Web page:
From the age of fifteen I’ve suffered from a condition that isn’t widely acknowledged—both because of a lack of medical understanding and the shame that overbears it.
I have a condition called vulvodynia—in layman’s terms, pelvic nerve pain.
Having only recently learnt how to say it, let alone spell it, let me give you a brief introduction to the condition that affects an estimated 18% of women.
There are two types of vulvodynia: unprovoked and pressure-provoked (also known as vestibulodynia). To my understanding, unprovoked vulvodynia varies from constant to spontaneous pain of the vulva, with no known triggers. I, however, was diagnosed with pressure-provoked vulvodynia (ironically, the preferable of the two).
Focused in an extremely concentrated area, my nerves ‘over-work’ down there triggering pain when the vulva is lightly touched; provoked by tampons, sex and anything in-between. I’m sure the pain experience differs for the individual, but for me it bears a very close resemblance to the sensation of burning; sharp and quick or ferociously enduring.
Probably the most debilitating thing about the condition is the colossal affect it has on your love life. There’s nothing less sexy than being in pain. Like any twenty-something, sex is always on my mind and although I’ve very much come to terms with the likelihood I will suffer from this my whole life, at twenty-three it doesn’t make things easy.
Out of humiliation, I used to push my body until I was in searing pain, having sex whilst silently crying into a pillow because I thought I’d be judged if I asked to stop. It wasn’t until I met my first ‘proper’ boyfriend that I realised the discomfort I felt wasn’t normal. And after almost a year of hospital appointments and visiting specialists, I was diagnosed—to the detriment of our young lust.
But with so little known about how to treat it, any woman diagnosed with vulvodynia can most likely verify that nurses, doctors and specialists haven’t got a clue what they’re dealing with.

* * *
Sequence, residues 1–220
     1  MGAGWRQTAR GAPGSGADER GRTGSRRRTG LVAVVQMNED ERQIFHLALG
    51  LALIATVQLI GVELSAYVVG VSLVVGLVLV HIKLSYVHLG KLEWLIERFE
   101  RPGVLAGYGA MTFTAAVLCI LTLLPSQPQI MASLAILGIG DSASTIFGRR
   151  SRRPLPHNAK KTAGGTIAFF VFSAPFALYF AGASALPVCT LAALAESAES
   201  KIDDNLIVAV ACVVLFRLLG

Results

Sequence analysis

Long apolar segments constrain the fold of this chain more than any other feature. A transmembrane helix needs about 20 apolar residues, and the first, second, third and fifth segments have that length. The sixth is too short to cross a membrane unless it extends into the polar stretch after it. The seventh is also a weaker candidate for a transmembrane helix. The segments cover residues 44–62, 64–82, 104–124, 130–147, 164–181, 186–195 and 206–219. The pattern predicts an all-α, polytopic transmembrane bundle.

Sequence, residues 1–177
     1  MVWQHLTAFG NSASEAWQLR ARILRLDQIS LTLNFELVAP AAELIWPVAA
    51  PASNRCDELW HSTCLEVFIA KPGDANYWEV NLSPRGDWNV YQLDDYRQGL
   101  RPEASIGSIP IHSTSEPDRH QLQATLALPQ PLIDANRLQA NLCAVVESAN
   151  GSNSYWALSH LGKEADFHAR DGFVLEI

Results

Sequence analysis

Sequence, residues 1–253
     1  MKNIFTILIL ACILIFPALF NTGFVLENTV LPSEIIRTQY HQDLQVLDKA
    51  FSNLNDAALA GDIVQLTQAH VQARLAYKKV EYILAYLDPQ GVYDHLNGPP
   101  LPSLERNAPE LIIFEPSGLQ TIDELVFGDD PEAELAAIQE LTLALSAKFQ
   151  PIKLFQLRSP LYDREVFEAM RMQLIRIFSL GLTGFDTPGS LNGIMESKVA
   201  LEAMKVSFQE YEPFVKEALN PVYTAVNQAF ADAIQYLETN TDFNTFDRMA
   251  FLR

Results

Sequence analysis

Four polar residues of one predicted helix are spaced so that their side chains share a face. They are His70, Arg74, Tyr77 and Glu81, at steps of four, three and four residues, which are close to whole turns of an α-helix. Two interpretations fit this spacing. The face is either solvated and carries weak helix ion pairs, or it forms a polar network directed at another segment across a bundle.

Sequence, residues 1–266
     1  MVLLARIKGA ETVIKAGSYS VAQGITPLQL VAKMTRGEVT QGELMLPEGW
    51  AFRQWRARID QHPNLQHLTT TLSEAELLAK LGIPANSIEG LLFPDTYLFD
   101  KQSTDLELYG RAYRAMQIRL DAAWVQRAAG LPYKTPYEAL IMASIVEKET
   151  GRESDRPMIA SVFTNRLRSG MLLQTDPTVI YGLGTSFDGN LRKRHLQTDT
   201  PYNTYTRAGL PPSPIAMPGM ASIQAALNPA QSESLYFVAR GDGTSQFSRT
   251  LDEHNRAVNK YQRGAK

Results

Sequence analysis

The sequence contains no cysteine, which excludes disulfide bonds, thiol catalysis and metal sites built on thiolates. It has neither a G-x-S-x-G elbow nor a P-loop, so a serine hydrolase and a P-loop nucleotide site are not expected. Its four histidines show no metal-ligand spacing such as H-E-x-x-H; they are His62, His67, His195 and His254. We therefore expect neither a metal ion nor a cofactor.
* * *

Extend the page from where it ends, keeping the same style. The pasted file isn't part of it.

After being fobbed off with misinformed therapists to see if my clearly physical pain was actually down to ‘daddy-issues’, after time-wasting hypnotherapy sessions, ineffective acupuncture, misguided cognitive behavioural therapy classes, after ointments and potions, eight tablets a day, anti-depressants and more… I decided my medical journey was futile.
I struggled for so long and cried too many times. This tiny imbalance in my body was dictating what were meant to be the best years of my life. My initial inability to cope with the influx of medication and overwhelming amount of consultations turned me into something I never thought I’d be: an emotional, weak and anxious wreck.
Vulvodynia hasn’t simply affected my nerves. It affects my whole person. At points, I’ve felt altogether insignificant and it’s hard to shake this niggling feeling of female inferiority.
It takes away the one thing I should be able to control as a woman—my body.
Like so many other women, I’ve put myself in the most vulnerable of positions time and time again; lying beside a man and nervously laughing as I attempt to explain why sex isn’t just sex with me. Although I have encountered the men that make you feel utterly useless as a girl (the ones who reject you as sex is just “too important”) most men graciously take the revelation in their stride.
Even still, I hated explaining my condition to anyone, friend or boyfriend, because it inevitably invoked pity.
But why? I haven’t lost a limb? I’m not suffering from a terminal disease? My whole life hasn’t been turned upside down. Yet as much as I loathe their sympathy, I can’t refrain from feeling sorry for myself too. I’m supposed to be in my sexual peak yet I can’t provide what most women can. As much as I desperately desire to, I can’t fulfil a man’s fantasies. I can’t ‘go all night’ or spend weekends between the sheets.
I’m lucky if I can go for ten minutes.
But in the most ironic of ways, vulvodynia has given me clarity in my emotions. I often joke that my vagina has a “sixth-sense” when it comes to men, literally rejecting them if I feel stressed, confused or worried. So when we’re attempting to do ‘the bad thing’ and my vagina relentlessly puts up a ‘No Entry’ sign, I know that he’s not right for me and that my subconscience has reached its final decision.
So many people will tell you that sex isn’t important but they’re irrefutably wrong. It is. It’s the foundation humanity is founded on, a basic animal instinct and the pinnacle of pleasure with no holds barred.
Yet as turbulent as my relationship with sex is, I’ve come a long way since the day I left the hospital in my school uniform, burdening my then brand-new diagnosis.
The pain has not lessened, my diagnosis has not changed, but I have matured and learnt to listen to my body.
Despite affecting almost a fifth of the population, vulvodynia is brashly swept under the carpet. After all, it’s easier to overlook pain than risk embarrassment.
But I find solace in knowing that I’m not alone and that, perhaps in writing this, other women will speak up and help dispel the stigma that surrounds us.
Unfortunately there’s no quick-fix happy ending for me but I’m learning to be at peace with that. Regardless of my problems, I love sex. Passion will forever outweigh pain. It’s merely a case of learning your body.
I no longer feel ashamed to bear the cross of being ‘a broken woman’ and I will never let vulvodynia define me.
Author: Pippa Bugg
Editor: Sarah Kolkka
Image: Ricardo Lago